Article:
A quarter-life crisis doesn’t have to strike you right at the age of 25. After all, a midlife crisis doesn’t happen exactly at 50, right? Sometimes, it can come earlier, while for other people, it can come later. It’s kind of like puberty in that way, isn’t it? What’s different is that it doesn’t even have to strike, and that there can often be an event that triggers it. For best friends Sasha (Leighton Meester) and Paige (Gillian Jacobs), that trigger is Tim (Adam Brody), a doctor who wears “slogan shirts” and loves to quote movies.
I’ll back up. Paige and Sasha have been best friends forever. They seemingly do everything together, even if they’re very much different people. Paige is a go-getter, while Sasha is a slacker. Perhaps they balance one another out. Sasha is also a lesbian, while Paige is straight. Paige meets Tim via online dating, and this causes a rift in the friendship. It’s not because Tim is a bad person, but it’s because Paige now has someone else to spend all of her time with. It gives Sasha a lot of time to think. Hence, quarter-life crisis.
So, the film is about a few things. First, the relationship between our two leading ladies. Second, the relationship between Paige and Tim, which starts out wonderfully but, like all relationships, will have its ups and downs. Third, Sasha figuring out exactly what she wants out of life. For many twentysomethings — or even probably some thirtysomethings — Life Partners is going to have some things to say that will resonate, or perhaps even sting.
You very well might feel like you’ve seen this film before. I felt like I did, even though the situations and characters have been changed. You’ll see most of the conflicts and resolutions coming from a mile away. They’re telegraphed to the point that it’s hard to feel like any of it is real. “Oh, we’re doing this now,” you think, as two characters fight about something whose solution is so simple that you want to yell at the characters so they can get over it quicker. It’s like a horror movie in some respects: “Don’t go into the basement alone!”
It still often works, at least partially. Its leads are charming and good actors, the dialogue is fresh enough so as to not sound like the characters are continually spouting clichés — a pratfall that a film like this one easily could have fallen into — and it’s kind of sweet, I guess. Making one of the characters a lesbian certainly changes things up, although it really only exists so that the two fight about everything other than who’s attracted to Tim.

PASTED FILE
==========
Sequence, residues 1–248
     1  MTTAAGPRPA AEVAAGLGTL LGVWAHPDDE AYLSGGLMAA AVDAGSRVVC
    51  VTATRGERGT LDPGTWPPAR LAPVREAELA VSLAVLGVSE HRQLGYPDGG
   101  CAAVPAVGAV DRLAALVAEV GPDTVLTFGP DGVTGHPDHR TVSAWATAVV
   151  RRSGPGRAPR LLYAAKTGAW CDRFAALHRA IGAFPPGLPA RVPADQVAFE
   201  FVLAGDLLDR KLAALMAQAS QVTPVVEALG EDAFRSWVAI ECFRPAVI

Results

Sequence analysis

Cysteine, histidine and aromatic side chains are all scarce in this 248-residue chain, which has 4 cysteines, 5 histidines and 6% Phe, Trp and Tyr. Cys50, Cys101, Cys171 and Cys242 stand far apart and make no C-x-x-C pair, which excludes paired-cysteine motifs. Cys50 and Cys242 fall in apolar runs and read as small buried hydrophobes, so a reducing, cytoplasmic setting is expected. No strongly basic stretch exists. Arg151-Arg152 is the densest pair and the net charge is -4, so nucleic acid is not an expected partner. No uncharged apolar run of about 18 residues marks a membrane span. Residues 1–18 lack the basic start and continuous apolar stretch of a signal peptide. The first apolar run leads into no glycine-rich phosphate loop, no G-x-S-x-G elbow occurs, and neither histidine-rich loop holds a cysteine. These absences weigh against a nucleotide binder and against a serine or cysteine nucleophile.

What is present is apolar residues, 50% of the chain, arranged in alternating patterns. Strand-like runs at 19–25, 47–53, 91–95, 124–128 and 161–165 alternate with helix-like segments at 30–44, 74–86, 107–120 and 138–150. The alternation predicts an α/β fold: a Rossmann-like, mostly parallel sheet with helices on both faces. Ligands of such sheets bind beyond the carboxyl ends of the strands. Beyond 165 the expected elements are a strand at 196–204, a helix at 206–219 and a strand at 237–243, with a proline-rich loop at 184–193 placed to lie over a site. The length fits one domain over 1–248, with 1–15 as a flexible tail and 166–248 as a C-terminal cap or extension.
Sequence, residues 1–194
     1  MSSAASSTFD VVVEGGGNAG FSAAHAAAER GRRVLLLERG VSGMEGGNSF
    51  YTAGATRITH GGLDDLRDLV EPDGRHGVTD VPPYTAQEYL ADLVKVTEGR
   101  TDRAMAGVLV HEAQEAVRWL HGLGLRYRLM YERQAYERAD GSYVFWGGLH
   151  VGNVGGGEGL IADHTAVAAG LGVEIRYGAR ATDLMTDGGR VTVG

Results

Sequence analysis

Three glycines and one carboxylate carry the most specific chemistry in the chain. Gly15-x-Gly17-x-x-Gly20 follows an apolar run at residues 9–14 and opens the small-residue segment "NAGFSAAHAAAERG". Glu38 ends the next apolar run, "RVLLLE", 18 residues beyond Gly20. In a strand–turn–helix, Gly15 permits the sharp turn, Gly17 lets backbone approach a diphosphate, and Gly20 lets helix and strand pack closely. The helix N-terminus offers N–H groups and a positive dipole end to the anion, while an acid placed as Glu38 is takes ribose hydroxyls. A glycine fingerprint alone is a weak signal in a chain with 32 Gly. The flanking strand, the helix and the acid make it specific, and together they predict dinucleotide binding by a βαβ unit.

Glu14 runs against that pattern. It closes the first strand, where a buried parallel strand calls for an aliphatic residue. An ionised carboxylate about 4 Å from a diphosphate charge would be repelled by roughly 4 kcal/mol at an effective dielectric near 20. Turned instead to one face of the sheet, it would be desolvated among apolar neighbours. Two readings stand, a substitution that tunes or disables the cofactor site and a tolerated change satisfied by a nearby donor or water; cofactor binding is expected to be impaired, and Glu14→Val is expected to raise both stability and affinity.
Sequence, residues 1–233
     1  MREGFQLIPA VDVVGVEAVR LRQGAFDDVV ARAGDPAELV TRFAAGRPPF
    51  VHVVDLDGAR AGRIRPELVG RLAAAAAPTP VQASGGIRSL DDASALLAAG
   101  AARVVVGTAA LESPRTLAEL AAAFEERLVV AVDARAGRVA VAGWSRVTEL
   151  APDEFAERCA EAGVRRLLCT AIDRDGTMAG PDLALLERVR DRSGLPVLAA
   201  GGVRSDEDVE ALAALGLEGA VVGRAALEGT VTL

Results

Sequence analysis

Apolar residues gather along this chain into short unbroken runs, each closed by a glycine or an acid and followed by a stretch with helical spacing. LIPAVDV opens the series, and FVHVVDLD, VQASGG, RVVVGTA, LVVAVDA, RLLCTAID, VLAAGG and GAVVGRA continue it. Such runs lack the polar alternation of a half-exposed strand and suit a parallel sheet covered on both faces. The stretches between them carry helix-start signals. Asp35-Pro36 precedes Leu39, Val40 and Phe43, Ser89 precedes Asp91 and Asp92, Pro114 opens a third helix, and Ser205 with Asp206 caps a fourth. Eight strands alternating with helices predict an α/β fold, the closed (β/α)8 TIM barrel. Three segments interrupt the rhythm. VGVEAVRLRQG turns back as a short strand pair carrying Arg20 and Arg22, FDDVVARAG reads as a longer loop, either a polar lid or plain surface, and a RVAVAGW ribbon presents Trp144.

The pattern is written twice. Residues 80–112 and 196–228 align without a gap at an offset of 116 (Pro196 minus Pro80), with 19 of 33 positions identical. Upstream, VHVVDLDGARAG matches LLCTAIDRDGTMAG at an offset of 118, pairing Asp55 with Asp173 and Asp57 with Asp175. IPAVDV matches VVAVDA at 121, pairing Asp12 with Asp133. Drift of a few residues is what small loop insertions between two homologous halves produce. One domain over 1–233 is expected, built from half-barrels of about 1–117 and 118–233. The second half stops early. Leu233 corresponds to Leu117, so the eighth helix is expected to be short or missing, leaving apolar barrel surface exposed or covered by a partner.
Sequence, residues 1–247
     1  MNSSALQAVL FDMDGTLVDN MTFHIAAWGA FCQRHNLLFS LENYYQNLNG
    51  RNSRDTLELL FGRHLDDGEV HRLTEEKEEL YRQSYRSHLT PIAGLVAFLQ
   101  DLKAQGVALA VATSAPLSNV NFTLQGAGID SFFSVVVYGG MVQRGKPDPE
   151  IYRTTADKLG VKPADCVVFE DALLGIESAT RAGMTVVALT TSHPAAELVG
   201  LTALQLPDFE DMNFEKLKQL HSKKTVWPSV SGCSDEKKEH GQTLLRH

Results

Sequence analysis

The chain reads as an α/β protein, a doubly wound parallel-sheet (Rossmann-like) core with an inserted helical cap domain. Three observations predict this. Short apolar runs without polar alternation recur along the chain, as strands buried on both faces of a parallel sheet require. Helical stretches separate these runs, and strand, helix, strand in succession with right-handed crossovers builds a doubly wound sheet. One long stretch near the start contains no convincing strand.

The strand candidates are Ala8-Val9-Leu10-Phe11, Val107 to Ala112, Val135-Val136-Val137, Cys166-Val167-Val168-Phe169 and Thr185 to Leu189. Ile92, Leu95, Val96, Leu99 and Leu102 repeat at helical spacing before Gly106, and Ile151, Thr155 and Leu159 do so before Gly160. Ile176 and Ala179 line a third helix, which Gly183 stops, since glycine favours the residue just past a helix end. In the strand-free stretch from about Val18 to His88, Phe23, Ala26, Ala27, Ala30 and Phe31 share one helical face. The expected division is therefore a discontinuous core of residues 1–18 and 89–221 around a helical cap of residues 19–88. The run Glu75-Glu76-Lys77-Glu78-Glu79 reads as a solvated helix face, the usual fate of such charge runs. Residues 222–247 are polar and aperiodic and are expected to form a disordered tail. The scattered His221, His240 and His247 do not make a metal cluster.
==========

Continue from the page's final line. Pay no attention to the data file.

Does Life Partners really deserve a 95-minute running time? Yes, that’s not a lot of time for a feature-length film, I’ll admit, but it’s a bit too long for the amount of content that is presented here. It needed … more, I guess. More content. More ideas. Something in addition to the rift between friends, and the crisis this causes one of them. What could it have included? I don’t know, to be honest. Maybe this would have worked better as a short. Or as an 80-minute film. Something.
It’s kept watchable thanks to its leading actors. Leighton Meester plays a slacker who needs to get her act together, Gillian Jacobs plays a type-A who might need to start listening more to other people. Adam Brody is just a nice guy who dresses a little goofy. The three of them together share some great scenes, and in particular the two ladies have a good chemistry together. That’s … enough, apparently. I mean, the film is also about things, but mostly we keep watching because it’s fun to see these actors together.
Life Partners is a film about a friendship and a rift in that friendship causing one of its participants to undergo a quarter-life crisis. If you’re in that sort of age group, maybe the film will have some things to say that will resonate with you. Any older and much of the film’s charm and purpose will be lost on you. It doesn’t have enough ideas outside of that to be worthwhile, even if its actors are all fun to watch, especially when put in scenes together. Life Partners is a marginal success.